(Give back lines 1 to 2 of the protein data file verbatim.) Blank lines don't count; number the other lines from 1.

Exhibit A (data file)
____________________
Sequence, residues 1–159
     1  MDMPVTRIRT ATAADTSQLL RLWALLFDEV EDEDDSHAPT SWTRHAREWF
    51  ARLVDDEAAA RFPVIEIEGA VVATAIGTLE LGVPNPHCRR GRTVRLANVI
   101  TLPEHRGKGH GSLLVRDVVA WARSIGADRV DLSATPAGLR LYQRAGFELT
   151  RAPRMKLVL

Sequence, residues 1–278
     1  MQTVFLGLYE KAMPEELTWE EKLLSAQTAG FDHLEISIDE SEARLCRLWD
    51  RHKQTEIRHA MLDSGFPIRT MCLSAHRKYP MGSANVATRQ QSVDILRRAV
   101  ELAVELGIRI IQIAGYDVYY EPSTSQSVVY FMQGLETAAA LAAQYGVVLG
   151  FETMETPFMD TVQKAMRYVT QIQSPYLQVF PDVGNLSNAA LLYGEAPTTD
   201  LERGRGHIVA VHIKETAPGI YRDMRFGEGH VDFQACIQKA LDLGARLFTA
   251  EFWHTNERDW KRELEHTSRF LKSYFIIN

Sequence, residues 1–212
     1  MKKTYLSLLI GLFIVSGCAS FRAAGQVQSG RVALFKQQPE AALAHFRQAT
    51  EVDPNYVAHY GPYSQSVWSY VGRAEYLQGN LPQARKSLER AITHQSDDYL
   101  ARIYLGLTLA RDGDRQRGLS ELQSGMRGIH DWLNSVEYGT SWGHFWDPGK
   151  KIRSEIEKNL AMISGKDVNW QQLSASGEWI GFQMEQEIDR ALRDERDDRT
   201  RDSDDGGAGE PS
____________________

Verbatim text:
Sequence, residues 1–159
     1  MDMPVTRIRT ATAADTSQLL RLWALLFDEV EDEDDSHAPT SWTRHAREWF